0 votes
mackroe, Home Seller, Minneapolis, MN
Wed Nov 14, 2012
Thank you for the responses. This is the first property I have ever sold and was unaware of everything that required disclosure. However I don't feel that a dripping faucet rises to the level of interfering with the buyers future enjoyment of the property. It was an older home and my wife and I spent over $5000 fixing it up prior to listing and an additional $500 fixing issues identified in the home inspection for them and would have gladly addressed this issue as well if identified but was told not to make any changes to the property after the inspection. What has riled me is that I was initially contacted over a month ago and offered to pay a fixed portion of the cost of repair to which I received no response until today when they want twice the amount. The money is not the issue so I will most likely just pay it. My concern is what kind of obligations am I opening myself up to by doing so? Will they come back a month from now and want money for something else? Is this type of thing common? My family and I have moved on and love our new home and just want to close this chapter.
0 votes
Mark Claesse…, Agent, Coon Rapids, MN
Wed Nov 14, 2012
I also agree with Cameron 100%. You should have disclosed it. NOTHING should ever be skipped because you feel it "did not seem material". It is all material. I also agree that it puts you in jeapardy of non-disclosure and that could be very serious, especially if they start looking for other things you may have not disclosed.

I highly recommend paying for the faucet to be fixed. Smile and be very happy they are not suing you. This will shut them up quickly and you are truly doing the right thing, because this should have been fixed prior to closing anyway.

0 votes
Christopher…, Agent, Bloomington, MN
Wed Nov 14, 2012
I would agree with Cameron. In this particular situation you would only fix the faucet if you wanted to do the repairs in good faith for the buyer. There is no contractual obligation to fix it, and I highly doubt the buyer will take you into arbitration (if you both agreed) over something this minor.
0 votes
Cameron Piper, Agent, Forest Lake, MN
Wed Nov 14, 2012
MN property disclosure says that you must disclose anything that could potential interfere with the buyers future enjoyment of the property. I would say that you probably should have disclosed the faucet issue just to be safe.

That said, you have no real obligation under the terms of the purchase agreement to fix or repair issues after the fact. Keep in mind that the seller could attempt to pursue you for nondisclosure, but my guess is that would be unlikely due to the cost involved and the relative cost to repaid the faucet.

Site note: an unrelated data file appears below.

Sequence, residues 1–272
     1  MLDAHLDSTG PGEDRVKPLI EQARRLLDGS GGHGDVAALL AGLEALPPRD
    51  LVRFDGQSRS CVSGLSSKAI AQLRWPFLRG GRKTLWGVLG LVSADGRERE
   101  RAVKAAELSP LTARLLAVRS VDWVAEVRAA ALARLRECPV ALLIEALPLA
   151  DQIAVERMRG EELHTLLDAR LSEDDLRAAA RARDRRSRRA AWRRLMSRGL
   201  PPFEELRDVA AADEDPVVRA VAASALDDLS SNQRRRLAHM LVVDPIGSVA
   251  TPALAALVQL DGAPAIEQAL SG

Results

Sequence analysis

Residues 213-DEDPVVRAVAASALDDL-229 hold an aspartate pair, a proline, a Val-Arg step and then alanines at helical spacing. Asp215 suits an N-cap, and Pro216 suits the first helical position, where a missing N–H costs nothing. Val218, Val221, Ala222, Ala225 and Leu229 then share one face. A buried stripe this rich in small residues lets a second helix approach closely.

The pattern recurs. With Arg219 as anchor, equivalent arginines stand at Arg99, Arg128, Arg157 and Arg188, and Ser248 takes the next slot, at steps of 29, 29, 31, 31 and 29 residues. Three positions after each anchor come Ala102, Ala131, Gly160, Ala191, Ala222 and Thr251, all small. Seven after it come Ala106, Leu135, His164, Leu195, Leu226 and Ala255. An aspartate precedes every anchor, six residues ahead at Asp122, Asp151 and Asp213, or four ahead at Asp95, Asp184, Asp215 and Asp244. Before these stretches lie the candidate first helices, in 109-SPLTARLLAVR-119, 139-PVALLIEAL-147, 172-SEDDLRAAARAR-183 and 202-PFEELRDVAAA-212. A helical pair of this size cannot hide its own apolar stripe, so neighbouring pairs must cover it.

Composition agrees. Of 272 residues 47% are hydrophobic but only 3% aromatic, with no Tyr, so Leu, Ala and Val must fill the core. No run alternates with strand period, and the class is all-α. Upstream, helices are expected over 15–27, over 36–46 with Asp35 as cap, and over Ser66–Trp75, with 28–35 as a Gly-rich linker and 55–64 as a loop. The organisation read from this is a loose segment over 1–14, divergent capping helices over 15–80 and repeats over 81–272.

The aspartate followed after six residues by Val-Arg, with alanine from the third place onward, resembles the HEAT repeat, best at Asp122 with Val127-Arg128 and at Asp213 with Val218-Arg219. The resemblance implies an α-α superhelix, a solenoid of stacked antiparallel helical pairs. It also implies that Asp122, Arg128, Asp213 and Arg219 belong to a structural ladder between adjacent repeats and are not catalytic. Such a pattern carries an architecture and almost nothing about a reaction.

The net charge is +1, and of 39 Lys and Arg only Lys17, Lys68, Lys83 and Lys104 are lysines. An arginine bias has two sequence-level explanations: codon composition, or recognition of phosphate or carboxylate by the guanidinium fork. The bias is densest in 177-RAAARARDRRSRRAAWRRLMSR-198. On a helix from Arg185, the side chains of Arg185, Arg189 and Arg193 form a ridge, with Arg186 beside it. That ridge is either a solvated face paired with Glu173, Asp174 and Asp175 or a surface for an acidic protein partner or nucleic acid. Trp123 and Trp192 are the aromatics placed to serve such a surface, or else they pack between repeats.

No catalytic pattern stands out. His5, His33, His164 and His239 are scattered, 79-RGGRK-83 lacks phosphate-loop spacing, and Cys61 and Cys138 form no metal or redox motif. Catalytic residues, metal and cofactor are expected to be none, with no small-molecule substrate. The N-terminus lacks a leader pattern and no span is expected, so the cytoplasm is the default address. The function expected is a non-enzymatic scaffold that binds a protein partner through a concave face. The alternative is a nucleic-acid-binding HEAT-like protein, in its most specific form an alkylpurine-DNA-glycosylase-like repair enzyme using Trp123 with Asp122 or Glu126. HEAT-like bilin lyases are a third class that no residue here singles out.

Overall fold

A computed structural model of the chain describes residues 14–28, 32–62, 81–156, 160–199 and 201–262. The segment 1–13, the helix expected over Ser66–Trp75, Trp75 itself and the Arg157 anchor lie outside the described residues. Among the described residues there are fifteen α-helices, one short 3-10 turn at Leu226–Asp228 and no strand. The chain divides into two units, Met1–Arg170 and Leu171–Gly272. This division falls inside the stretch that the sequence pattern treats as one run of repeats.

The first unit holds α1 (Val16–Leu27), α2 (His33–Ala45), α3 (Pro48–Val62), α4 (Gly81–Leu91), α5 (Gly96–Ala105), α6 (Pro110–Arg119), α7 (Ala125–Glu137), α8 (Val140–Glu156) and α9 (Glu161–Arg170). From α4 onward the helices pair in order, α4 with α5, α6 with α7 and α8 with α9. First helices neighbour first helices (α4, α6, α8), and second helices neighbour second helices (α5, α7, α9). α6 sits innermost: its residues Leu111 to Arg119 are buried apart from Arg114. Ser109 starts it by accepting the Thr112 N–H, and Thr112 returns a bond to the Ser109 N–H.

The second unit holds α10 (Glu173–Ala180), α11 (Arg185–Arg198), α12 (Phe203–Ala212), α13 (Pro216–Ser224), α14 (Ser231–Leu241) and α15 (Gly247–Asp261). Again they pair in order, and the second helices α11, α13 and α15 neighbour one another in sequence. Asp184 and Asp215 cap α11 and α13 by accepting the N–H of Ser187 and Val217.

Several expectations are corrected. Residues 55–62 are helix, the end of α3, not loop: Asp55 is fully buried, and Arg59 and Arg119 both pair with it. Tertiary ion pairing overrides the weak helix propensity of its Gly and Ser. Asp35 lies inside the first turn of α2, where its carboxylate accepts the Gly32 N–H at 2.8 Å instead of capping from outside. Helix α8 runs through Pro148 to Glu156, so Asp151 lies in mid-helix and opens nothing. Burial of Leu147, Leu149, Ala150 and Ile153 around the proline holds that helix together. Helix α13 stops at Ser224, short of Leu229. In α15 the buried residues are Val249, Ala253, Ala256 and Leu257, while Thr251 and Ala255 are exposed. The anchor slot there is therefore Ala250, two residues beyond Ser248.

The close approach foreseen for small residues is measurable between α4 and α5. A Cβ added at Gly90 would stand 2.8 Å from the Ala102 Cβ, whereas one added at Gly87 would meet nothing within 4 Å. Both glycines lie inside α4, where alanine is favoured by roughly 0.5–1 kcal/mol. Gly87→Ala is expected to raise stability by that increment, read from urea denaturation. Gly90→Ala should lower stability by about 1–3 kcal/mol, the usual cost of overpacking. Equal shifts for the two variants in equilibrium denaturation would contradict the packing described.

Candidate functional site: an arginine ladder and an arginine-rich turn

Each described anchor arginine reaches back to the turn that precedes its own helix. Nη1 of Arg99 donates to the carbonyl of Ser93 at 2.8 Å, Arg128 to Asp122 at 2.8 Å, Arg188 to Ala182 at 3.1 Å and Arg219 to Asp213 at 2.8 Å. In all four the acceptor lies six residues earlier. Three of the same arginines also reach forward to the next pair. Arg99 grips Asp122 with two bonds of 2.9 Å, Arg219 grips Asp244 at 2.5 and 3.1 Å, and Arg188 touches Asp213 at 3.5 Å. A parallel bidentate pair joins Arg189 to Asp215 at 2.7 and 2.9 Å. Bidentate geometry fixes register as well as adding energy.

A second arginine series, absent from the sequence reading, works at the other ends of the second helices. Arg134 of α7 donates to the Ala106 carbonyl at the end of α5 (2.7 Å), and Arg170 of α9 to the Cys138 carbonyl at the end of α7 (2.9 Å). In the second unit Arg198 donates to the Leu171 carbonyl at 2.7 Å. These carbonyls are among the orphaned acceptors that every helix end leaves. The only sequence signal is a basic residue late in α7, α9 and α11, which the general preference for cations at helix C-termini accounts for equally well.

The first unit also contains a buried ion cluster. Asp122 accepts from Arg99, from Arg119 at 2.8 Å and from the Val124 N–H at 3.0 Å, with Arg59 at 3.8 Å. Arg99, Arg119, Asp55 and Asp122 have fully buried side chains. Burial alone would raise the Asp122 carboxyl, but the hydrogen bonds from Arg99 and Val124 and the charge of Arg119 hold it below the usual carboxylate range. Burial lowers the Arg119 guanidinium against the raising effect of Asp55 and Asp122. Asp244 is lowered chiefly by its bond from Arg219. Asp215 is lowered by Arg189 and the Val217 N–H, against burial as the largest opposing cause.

You might consider fixing the faucet as a gesture of good will, but I would only do so if they were to sign something saying that they have no future claim for this issue on a nondisclosure basis.

Good Luck!!

Cameron Piper
Coldwell Banker Burnet
licensed MN Real Estate Broker
Web Reference:  http://www.CamPiper.com
0 votes
Jessica Edwa…, Agent, minneapolis, MN
Wed Nov 14, 2012
To be absolutely clear, any obligation you have after the sale closes is based upon your actions prior to closing:
- Did you agree to do work that was not completed?
- Were you honest & complete in your disclosure about the property condtion?
- Did damage occur as a result of your move?
- Was there an undocumented discussion of work to be completed?
Any of these might expose you to liability after the sale. Your agent should continue to be your touch point through the attempts to reach a "gentlemen's agreement".
If you cannot reach such an agreement, you might end up in arbitration or court, depending on what means of problem resolution you agreed to at the time of sale. Arbitration can occur quite quickly (approximately 6 months). It's binding, but you do have a chance to represent your side with evidence & even a lawyer. If you end up in court, court & legal costs alone may exceed the value of the issue. Court will usually take a minimum of 10-12 months. Hope this clarifies the situation.
0 votes
Joel Friday, Agent, Coon Rapids, MN
Wed Nov 14, 2012
If you knew about, you should take care of it to avoid future issues. As the other agent said, talk to your agent for the best method of handling this claim.
0 votes
Doc & Ellen…, Agent, San Antonio, TX
Wed Nov 14, 2012
If you knew about it and did not disclose it, your best course of action to avoid future claims might be to pay for the repairs. Failure to disclose in most states can be VERY Expensive.

Good Luck,

Doc Stephens, REALTOR
0 votes